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Jul 3rd, 2010, 11:29 AM
  #39  
 
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My son spent almost four years in Gwangju teaching English and just came back last month. We visited him in 2008 and as much as I wanted to like Korea as much as I do Japan it just fell short in many areas. Seoul was fine for hotels, restaurants and shopping but once we got to Gwangju it was a different story. I was surprised at the lack of decent hotels, especially knowing they hosted the World Cup in 2002. It turned into an adventure/wild goose chase after trusting our son to chose our hotel. He made reservations for us at a "love motel" that was really awful! He thought it was fine because it had a King size bed and flat screen tv and it was clean. It had no windows and a flourescent light. I refused to stay there and insisted there must be a better place to stay in a city of 1.5 million. This led to several crazy cab rides to various hotels that were awful. Finally we went to a resort that was in the hills on the outskirt of the city. The common area was nice but the room was pretty tacky and I have never felt a mattress that hard! The food we had was good, Gwangju is known for it's good produce and variety of food. I like Korean food but I find that most of the dishes have the same flavors so after awhile it gets boring. One of my favorite things we saw was a beautiful tea plantation outside of Gwangju in Boseong. I enjoyed the train ride from Seoul to Gwangju,it looks a lot like the geography in Japan.

Gailmo,

Maybe you crossed paths with my son! He lived near the university the last stint there. He also worked at the English language radio station helping with local news broadcast. He also looked for t-shirts with Hangul and finally found some with the name of the local baseball team. If you are there now maybe you can find one!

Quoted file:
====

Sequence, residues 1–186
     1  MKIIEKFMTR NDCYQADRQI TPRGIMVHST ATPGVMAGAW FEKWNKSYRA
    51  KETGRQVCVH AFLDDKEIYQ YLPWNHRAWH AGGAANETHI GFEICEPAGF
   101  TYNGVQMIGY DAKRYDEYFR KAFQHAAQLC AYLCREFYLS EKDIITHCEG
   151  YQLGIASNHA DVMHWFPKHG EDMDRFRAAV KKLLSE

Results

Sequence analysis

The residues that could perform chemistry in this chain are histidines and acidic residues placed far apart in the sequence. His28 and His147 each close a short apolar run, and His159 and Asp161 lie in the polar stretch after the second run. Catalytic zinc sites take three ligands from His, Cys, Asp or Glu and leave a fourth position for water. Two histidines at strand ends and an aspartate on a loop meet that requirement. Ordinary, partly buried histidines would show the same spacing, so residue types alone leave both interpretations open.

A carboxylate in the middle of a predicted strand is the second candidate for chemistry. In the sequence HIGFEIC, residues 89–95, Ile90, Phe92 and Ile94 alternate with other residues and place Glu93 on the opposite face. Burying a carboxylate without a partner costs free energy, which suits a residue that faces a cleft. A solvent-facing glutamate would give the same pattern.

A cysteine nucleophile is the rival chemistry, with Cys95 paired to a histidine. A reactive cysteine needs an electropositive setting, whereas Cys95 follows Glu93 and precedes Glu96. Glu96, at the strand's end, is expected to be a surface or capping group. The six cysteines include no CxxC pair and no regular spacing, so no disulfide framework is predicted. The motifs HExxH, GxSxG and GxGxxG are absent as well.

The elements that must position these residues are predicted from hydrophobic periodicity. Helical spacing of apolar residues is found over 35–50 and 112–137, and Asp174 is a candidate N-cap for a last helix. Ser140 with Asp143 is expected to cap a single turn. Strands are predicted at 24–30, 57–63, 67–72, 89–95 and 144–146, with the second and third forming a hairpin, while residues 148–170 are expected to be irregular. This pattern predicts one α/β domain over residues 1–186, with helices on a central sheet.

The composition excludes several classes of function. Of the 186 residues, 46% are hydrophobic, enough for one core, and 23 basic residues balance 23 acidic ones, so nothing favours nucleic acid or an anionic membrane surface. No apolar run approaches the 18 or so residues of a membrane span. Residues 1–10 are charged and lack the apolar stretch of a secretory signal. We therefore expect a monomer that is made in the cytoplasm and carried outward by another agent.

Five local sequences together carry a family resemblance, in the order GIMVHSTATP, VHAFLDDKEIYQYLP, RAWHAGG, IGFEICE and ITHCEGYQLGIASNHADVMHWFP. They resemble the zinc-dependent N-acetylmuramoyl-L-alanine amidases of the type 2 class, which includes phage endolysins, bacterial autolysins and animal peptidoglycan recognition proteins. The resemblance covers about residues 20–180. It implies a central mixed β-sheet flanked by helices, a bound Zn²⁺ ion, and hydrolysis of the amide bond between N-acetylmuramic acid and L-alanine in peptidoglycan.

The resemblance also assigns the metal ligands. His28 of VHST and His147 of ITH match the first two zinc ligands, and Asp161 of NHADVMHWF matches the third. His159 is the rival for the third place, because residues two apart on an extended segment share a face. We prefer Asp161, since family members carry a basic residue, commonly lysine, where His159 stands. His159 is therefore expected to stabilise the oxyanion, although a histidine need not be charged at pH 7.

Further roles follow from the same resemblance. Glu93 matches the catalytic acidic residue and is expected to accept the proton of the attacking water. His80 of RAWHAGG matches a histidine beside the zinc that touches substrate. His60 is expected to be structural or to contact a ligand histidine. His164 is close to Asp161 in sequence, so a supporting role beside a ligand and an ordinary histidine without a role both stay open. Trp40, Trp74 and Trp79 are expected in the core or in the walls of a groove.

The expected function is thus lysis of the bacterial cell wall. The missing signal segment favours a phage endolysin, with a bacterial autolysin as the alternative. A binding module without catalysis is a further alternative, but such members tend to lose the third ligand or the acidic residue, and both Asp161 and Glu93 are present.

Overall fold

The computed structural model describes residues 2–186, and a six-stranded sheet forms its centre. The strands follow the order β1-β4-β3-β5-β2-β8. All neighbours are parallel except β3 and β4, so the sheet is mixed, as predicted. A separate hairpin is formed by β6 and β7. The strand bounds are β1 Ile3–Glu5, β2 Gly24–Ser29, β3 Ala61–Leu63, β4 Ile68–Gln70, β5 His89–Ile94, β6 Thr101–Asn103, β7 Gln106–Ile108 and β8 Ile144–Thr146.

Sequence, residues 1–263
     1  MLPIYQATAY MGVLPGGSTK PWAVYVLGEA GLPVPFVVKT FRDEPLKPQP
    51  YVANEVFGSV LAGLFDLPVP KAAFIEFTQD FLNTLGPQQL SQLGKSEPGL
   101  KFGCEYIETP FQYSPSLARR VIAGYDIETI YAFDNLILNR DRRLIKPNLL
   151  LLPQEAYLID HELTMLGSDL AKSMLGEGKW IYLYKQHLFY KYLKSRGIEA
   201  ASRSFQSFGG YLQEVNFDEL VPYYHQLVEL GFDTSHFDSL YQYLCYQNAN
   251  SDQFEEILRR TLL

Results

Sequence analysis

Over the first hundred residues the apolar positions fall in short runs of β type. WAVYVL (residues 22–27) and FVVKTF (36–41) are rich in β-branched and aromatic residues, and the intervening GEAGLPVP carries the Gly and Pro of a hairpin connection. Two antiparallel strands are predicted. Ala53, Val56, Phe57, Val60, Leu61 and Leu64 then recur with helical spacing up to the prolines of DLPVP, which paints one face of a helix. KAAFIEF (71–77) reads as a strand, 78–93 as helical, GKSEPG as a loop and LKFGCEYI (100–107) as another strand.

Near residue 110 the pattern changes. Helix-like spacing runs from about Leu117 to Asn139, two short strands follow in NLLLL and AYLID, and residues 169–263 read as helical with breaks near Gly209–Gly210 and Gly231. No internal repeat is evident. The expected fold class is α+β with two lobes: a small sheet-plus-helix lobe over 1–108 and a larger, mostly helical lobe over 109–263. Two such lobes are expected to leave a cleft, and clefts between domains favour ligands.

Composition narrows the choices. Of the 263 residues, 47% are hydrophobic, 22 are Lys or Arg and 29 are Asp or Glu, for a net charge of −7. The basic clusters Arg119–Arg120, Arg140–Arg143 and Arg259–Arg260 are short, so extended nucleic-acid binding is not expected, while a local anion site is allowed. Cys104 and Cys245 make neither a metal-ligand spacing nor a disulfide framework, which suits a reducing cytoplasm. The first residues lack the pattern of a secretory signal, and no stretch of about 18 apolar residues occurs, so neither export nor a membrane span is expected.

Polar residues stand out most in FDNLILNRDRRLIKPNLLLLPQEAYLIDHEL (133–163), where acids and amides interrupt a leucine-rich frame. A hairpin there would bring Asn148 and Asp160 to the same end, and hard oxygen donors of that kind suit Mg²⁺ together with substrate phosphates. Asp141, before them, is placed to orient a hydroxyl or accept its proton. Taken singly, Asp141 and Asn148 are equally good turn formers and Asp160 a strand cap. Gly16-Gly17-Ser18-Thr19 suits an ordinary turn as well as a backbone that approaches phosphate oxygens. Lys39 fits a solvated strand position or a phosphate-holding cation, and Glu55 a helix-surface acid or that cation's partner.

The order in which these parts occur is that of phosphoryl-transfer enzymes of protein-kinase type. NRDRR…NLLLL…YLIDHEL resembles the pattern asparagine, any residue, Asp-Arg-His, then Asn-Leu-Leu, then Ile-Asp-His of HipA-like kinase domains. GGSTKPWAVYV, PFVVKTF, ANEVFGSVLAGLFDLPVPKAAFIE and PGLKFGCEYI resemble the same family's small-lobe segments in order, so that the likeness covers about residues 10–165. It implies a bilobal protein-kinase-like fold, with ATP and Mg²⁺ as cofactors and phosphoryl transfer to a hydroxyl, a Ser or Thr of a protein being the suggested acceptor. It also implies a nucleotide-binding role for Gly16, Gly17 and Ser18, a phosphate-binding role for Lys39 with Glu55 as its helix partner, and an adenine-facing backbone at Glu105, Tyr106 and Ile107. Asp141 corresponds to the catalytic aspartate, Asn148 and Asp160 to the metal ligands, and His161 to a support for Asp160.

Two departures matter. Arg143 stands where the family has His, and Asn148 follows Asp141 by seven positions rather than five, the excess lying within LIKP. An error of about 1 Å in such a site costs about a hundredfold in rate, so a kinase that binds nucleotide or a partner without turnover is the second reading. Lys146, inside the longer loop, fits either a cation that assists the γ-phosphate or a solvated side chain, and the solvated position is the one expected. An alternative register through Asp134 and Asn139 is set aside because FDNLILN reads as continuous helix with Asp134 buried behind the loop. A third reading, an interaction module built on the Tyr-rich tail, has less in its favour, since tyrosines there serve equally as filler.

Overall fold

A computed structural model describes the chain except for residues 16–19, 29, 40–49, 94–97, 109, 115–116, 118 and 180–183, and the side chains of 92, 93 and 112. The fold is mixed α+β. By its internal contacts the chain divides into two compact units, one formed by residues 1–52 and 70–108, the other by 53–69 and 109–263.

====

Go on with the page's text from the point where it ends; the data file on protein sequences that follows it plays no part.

Here is a link to pictures from the trip if anyone is interested. The first pics are Japan, halfway through is Seoul. The hotel is the one with purple walls and purple leather couches...that is the "nice" hotel. Don't ask why my husband included pics of his then new car!
http://tinyurl.com/3y8bkmr
SeeHag is offline  
Jul 3rd, 2010, 01:27 PM
  #40  
 
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Thursday: As far as markets go, the Noryangin fish market in Seoul is wonderful. We walked through, marveling at the strange looking sea creatures on display, then picked out various shell and fin fish and took them to one of the restaurants in the market, where they were cooked and served to us.

There is good food in Korea; not all of it is meat. I had very good fish, great Korean fried chicken (all the rage here in NYC these days) and good vegetables. Be sure to try the excelelnt soon doo bu tofu soups with seafood.

There are also lots of other Asian cuisines to sample. I had a fantastic lunch at the Seoul branch of DTF, the Taiwanese dumpling phenomenon. I think there are now two branches in the city.

I did not find the shopping to be very good; there are some lovely ceramics and inlaid mother-of-pearl items on offer in the small craft shops of Insadong but they were very pricey.

Much of the rest is just variations on the western "designer" theme. There are some interesting local clothing designers but I did not delve into that and I know this is not your interest...

I saw only Seoul (and DMZ/Incheon) so cannot comment on other locations..

My money is on you--you will discover things that I did not, I am sure.